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Observers confirm identity of last week's Atlas payload

Posted: April 18, 2011

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The National Reconnaissance Office has successfully deployed vital replacement spacecraft over the past seven months to rejuvenate nearly all of its satellite constellations, most recently putting an ocean surveillance duo into orbit last week.

An NRO poster marks all six launches over the past seven months with the mission patches. Credit: NRO
While celebrating its 50th anniversary, the secretive government agency responsible for designing and operating the U.S. fleet of spy satellites conducted this remarkable launch surge in a tightly packed timeframe using Atlas 5, Delta 4-Medium and -Heavy rockets, plus the light Minotaur 1 vehicle.

Beginning on Sept. 20, an Atlas-501 rocket roared from Vandenberg Air Force Base in California carrying the first in a new-generation of radar imaging satellites that follow the heritage Lacrosse program.

Next came the "largest satellite in the world" atop a Delta 4-Heavy rocket on Nov. 21 from Cape Canaveral, Florida. This eavesdropping bird has a gigantic antenna for gathering signals intelligence.

Another Delta 4-Heavy rocket, this time launching from Vandenberg, flew on Jan. 20 with the crucial new Keyhole spacecraft for the nation's sophisticated electro-optical imaging system.

An experimental research and development payload for the Rapid Pathfinder Program was shot into space by the Minotaur 1 on Feb. 6 from Vandenberg.

Then, a Delta 4-Medium+4,2 launcher with a Satellite Data System bird to relay communications between the reconnaissance spacecraft and ground stations was sent aloft from Florida on March 11.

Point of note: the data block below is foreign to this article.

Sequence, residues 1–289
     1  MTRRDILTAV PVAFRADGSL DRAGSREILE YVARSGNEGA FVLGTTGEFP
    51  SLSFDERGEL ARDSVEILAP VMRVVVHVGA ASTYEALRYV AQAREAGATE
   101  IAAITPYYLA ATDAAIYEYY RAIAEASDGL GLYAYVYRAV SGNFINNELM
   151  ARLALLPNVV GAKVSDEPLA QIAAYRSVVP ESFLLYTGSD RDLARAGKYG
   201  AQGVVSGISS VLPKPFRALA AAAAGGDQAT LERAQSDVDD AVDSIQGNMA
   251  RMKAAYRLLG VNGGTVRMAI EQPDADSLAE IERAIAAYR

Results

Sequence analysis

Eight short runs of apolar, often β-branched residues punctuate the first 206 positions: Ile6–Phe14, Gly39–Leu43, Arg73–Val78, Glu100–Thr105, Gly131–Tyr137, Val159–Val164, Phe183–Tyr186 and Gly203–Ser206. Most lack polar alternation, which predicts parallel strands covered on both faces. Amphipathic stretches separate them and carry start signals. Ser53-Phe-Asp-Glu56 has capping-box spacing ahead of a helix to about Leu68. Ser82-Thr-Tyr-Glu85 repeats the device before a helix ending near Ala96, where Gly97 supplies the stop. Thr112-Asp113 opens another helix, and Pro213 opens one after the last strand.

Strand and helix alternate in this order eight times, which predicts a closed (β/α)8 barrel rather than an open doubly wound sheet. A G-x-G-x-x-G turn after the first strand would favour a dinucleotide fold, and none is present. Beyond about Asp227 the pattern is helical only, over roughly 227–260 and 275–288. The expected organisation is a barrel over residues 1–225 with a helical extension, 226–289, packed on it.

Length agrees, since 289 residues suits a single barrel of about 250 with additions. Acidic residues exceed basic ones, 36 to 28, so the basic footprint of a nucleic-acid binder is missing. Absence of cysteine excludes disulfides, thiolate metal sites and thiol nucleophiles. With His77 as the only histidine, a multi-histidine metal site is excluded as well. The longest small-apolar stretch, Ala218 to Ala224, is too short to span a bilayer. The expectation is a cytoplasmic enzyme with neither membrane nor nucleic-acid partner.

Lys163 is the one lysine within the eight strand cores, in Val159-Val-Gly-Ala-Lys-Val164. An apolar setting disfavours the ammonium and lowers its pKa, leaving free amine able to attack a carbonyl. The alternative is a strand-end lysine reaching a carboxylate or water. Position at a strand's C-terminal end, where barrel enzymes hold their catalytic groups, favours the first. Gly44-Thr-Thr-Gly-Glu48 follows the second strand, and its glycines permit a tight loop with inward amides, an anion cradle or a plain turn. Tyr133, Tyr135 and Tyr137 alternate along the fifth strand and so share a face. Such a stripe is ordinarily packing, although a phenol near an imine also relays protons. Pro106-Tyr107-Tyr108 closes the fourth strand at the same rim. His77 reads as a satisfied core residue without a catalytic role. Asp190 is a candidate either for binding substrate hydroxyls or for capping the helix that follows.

The capper occurred last Thursday when two satellites were launched together atop an Atlas 5-411 rocket from Vandenberg to refresh the Naval Ocean Surveillance System, or NOSS. Satellite-tracking hobbyists reported spotting the formation-flying craft and confirmed them with further observations Monday night.

"NOSS satellites track ships at sea through their radio transmissions. The first two generations, launched between 1976 and 1996, consisted of several triplets that orbited in close formation. Analysis of the difference in time of arrival of a signal at each member of a triplet enabled determination of the location of the source. Third generation NOSS accomplish the same using pairs of satellites," said Ted Molczan, a satellite-tracking hobbyist.

Thursday's launch was the fifth for this current breed of NOSS featuring satellite duos instead of the previous trio arrangement. Atlas rockets have deployed this generation over the past decade beginning with two missions from Vandenberg that went up in 2001 and 2003 aboard Atlas 2AS vehicles, then two flights from Cape Canaveral that flew on the Atlas 3B in 2005 and an Atlas 5 in 2007.